BOOYSEN: A lot of the time, I’m the only active developer on the project, but over the years, many people have contributed to the project.
After me, Shane Hathaway has been the biggest contributor. Shane’s responsible for the out-of-process debugger in Boa. Ages ago, Boa had an in-process debugger, but it was plagued by problems. The new debugger runs a debug server in a separate process and connects to it via XML-RPC. Together, Shane and I added very nice features to the debugger, like support for debugging Python threads (not common in Python debuggers), debugging Zope Python scripts, and remote debugging.
Robert Boulanger is a good friend of mine. We met through Boa when he contributed changes to the Zope support to work with XML-RPC instead of FTP. Robert regularly promotes Boa, and has also presented Boa at EuroPython 2002.
Kevin Gill, Tim Hochberg, and Kevin Light have also made very helpful contributions. Marius van Wyk is working on improving the Mac OS X version of Boa. I must also mention Robin Dunn as an honorary team member. Over the years, Robin has fielded countless reports and queries. Apart from giving us wxPython, he has helped me track down many Boa and wxPython issues.
Neil Hodgson deserves a mention for his invaluable syntax highlighting editor project: Scintilla.
Finally, there is Bonnie, my fiancee and muse, without whom I cannot function.
What’s been surprising to you about managing an open source project?
BOOYSEN: It’s been great to receive email from all over the world, thanking me and giving me positive feedback. When I started getting Python contract work, I felt the project was successful for me professionally as well.
The biggest surprise is that the project has made it this far and is still going strong. I’d also say that the administration of the project and of the people is really hard. I think I’m a terrible manager.
What’s next for Boa?
BOOYSEN: Python and wxPython have been growing steadily for quite a while, and I don’t see them stopping. As long as Boa can keep up with them, that’d be great.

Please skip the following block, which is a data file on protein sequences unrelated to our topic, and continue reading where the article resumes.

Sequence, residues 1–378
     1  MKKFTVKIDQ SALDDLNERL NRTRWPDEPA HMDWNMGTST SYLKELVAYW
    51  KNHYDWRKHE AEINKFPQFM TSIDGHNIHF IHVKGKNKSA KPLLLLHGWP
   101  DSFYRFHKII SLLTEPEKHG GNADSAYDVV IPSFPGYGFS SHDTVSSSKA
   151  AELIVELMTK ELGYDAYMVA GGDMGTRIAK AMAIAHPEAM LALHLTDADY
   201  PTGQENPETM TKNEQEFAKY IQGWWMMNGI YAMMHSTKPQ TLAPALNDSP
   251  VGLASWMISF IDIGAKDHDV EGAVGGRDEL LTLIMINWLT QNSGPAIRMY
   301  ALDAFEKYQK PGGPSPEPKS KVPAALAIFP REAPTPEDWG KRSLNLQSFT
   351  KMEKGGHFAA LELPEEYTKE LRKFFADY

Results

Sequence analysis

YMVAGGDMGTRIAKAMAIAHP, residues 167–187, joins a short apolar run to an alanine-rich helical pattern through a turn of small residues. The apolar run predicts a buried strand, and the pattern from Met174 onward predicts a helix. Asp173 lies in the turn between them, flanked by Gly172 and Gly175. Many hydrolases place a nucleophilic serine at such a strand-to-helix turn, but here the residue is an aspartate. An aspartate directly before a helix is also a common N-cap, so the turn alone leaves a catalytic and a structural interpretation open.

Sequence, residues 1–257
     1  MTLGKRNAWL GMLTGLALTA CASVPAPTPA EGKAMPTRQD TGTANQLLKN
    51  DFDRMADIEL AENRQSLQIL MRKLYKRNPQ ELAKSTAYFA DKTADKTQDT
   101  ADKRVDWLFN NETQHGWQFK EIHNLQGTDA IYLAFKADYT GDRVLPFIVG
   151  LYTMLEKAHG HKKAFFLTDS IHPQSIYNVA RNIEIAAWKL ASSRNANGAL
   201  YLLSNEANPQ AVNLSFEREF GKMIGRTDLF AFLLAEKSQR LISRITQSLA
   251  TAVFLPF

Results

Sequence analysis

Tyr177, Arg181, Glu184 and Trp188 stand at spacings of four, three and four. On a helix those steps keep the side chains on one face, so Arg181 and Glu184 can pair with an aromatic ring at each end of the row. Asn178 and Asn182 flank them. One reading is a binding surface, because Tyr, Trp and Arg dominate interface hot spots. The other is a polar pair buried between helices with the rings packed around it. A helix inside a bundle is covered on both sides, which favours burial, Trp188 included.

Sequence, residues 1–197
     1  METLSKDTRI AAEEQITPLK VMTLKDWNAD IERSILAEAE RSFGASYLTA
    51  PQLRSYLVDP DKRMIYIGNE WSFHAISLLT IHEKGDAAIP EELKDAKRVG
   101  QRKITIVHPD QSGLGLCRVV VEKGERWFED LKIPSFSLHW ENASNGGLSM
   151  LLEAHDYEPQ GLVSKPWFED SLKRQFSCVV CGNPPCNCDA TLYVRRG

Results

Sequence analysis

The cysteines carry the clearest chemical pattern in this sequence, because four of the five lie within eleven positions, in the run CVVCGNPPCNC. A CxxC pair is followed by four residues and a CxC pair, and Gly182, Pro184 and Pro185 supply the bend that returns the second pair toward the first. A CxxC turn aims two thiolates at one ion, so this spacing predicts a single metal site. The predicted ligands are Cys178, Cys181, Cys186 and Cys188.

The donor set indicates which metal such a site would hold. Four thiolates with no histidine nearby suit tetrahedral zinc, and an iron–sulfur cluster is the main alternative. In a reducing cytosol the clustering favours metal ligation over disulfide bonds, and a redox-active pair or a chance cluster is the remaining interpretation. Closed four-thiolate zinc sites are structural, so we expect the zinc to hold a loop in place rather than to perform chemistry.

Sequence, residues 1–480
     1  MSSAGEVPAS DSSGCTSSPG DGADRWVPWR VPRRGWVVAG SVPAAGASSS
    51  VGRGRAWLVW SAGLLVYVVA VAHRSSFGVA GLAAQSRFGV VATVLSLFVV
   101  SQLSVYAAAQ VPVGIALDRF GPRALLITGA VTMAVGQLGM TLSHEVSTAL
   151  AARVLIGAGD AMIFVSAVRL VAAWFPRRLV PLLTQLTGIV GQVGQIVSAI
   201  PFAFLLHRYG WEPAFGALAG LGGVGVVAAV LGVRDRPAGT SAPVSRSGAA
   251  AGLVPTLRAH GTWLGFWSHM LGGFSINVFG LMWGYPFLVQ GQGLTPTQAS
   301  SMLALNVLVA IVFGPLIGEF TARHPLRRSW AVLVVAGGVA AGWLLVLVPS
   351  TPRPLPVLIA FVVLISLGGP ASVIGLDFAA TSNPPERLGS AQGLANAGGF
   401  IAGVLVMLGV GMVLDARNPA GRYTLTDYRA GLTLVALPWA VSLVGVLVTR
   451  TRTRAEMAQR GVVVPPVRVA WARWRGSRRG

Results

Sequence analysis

I wish Boa had clearer APIs. I am more of a tool or application writer than a library writer, and I guess the APIs make it more difficult to extend Boa without understanding much of the framework.
One important part of the wxPython library that is not supported yet in the frame designer, but is often requested, is Sizers. They were added to wxPython after the Boa frame designer was written.
There’s still a lot of Zope support to add, like for CMF and Plone. Integration with Zope 3 is also on the list. I’d also like to have simple support for Jython development. Support for a Java file type has already been added as a plug-in in preparation for this.
How can others contribute?
BOOYSEN: Everyone is welcome to send bug reports and patches. People who want to joint the development team should first send all changes as patches to me. If I like the work and don’t have to change too much before committing it to CVS, I will accept the person on the team. People who can improve the documentation are very welcome too.
Boa needs more Linux users who are willing to jump in and fix problems, not just report them.
Martin Streicher is the Editor-in-Chief of Linux Magazine. You can reach him at email@example.com. You can reach Riaan Booysen at firstname.lastname@example.org.